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Trainline shares gain despite £43m loss

Kumutha Ramanathan
·Contributor
·3-min read
Trainline app. Photo: Ben Stansall/AFP via Getty Images
Trainline app. Photo: Ben Stansall/AFP via Getty Images

Trainline shares (TRN.L) have been steadily gaining on Thursday despite the company posting a £43m ($56m) loss due to COVID-19.

Shares were up 4.2% on Thursday, hitting a weekly high.

The independent digital rail and coach ticketing platform cited the impact of the pandemic on its rail passenger numbers and virus containment measures across the UK and continental Europe.

“COVID-19 continues to cause significant disruption to the rail and coach industry as regional and national lockdowns are put in place across Europe,” said Clare Gilmartin, chief executive officer of Trainline in a company statement on Thursday. “However, we have taken quick and decisive steps to scale back our cash outflows and ensure we have sufficient long-term liquidity.

The business said it had a significant liquidity headroom of £162m “and proven ability to take mitigating actions to scale back monthly cash outflows where necessary.”

Trainline shares reached a weekly high on Thursday.
Trainline shares reached a weekly high on Thursday.

The share price picked up speed on Thursday as its latest results reflected “relief that the company had begun to stem the losses resulting from COVID-19,” said Russ Mould, AJ Bell investment director, in a note on Thursday.

“The rail journey booking site had barely got out of the station as a public company before the pandemic hit and the resulting travel restrictions have dealt a devastating blow to the business – more recently it revealed it would lose the person at the controls as [CEO] Clare Gilmartin announced her decision to step down in February 2021 for family reasons. So news that the company had managed to narrow losses in the first half of its financial year, compared with the previous six-month period, helped steady an equity story which had been in danger of being entirely derailed.”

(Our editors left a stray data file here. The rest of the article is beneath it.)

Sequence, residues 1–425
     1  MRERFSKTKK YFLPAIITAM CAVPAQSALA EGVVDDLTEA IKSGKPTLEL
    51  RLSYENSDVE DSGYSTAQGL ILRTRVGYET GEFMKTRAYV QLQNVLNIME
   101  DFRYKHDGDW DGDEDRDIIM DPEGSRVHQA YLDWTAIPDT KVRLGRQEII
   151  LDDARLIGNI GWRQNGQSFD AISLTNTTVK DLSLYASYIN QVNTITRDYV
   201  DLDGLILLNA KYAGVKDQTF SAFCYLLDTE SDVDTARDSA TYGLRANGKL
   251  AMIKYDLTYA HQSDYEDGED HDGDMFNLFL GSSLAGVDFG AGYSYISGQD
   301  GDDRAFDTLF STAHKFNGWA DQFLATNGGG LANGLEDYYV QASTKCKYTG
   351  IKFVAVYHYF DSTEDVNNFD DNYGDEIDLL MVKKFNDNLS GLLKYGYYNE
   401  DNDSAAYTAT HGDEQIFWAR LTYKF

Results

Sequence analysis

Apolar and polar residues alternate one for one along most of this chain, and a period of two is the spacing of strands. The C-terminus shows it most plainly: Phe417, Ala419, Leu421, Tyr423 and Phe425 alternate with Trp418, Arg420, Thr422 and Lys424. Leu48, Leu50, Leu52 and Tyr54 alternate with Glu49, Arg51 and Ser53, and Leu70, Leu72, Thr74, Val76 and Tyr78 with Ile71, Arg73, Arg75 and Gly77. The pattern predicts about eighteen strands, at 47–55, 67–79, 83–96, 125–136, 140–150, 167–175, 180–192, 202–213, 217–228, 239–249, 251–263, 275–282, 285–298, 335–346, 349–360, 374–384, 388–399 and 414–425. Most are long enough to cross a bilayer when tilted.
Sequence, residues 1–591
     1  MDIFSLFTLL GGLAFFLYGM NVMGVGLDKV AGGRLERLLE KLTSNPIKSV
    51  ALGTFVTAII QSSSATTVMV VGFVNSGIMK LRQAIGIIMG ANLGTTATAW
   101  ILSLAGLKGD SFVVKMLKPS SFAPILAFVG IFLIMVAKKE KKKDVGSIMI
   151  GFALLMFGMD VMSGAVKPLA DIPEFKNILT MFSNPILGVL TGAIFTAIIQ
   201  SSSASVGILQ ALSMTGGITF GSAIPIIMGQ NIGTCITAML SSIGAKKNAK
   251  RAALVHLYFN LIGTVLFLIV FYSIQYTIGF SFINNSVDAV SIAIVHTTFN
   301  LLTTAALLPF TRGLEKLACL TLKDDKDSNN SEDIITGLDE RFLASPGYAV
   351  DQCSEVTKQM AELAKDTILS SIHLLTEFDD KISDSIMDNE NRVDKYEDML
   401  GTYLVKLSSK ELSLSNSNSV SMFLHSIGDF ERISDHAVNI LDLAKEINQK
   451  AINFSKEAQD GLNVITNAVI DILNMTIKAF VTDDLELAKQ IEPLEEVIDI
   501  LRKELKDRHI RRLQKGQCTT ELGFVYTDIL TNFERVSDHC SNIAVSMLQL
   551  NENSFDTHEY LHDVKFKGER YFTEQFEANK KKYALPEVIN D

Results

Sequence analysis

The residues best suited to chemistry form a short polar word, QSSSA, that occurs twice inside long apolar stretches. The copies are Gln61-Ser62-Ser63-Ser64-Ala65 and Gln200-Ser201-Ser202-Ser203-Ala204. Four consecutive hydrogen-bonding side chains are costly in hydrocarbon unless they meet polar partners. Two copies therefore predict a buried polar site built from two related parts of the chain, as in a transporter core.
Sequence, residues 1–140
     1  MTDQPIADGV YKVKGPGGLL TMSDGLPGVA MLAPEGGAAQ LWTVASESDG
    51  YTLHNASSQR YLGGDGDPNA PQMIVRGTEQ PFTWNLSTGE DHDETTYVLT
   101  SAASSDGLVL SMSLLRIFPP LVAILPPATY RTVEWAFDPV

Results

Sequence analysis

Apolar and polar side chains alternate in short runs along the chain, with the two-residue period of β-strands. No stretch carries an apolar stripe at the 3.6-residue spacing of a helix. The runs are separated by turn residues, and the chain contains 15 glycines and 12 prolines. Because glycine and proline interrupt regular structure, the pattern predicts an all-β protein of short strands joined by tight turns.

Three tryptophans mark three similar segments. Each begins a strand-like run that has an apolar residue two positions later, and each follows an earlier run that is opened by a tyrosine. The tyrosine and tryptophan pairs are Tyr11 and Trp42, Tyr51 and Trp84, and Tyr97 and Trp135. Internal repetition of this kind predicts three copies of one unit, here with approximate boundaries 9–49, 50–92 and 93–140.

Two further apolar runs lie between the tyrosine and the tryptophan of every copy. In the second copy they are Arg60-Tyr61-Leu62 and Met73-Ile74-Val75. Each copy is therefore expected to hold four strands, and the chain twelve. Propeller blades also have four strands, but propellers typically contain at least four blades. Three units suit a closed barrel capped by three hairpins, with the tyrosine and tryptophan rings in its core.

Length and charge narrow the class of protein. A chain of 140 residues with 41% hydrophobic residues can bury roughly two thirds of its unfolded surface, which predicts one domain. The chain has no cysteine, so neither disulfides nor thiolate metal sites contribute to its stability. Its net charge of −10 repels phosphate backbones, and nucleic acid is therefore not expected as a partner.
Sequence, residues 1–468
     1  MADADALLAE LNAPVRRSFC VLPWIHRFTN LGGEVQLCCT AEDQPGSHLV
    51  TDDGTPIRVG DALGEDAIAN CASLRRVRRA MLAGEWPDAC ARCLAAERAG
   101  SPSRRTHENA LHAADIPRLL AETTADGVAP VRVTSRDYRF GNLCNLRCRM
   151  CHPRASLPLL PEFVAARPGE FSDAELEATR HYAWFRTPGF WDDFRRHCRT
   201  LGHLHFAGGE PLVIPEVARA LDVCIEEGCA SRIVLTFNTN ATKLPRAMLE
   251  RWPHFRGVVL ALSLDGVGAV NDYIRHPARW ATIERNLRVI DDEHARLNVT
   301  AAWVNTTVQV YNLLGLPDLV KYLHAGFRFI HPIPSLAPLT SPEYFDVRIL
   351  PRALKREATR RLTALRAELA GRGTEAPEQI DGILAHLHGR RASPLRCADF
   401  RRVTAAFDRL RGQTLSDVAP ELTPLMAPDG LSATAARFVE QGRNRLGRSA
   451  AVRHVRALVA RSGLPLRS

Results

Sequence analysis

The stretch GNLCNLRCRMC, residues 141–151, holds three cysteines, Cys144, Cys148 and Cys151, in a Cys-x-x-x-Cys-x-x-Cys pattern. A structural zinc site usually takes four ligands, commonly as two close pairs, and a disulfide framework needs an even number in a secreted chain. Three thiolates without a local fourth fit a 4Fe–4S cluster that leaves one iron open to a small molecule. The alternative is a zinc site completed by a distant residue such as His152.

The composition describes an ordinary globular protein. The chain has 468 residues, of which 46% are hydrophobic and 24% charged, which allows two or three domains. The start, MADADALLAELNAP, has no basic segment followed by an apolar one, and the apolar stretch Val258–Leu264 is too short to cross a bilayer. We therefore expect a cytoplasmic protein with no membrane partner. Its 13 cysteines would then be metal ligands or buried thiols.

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Mould added that the narrowing of losses was achieved by taking significant costs out of the business – including marketing spend.

“The company is not out of the woods yet, warning of a risk of a covenant breach alongside these numbers and with renewed lockdown conditions likely to put passenger numbers under yet more pressure,” he said.

Trainline said it is “well placed” to take advantage of its digital innovator status when lockdowns lift and market conditions improve.

"We see no change to the long-term structural tailwinds for Trainline, said Gilmartin. “Rail is a large market with significant government investment planned over the next decade, growing environmental awareness of its benefits compared to air or car, and considerable runway for train tickets to shift online and to mobile."

Mould said that remains to be proven as familiar questions over the company’s barriers to entry may re-emerge.

“Can a few useful online tools and features really make it stand out if National Rail Enquiries or other third parties start to encroach more on its territory?” he asked.

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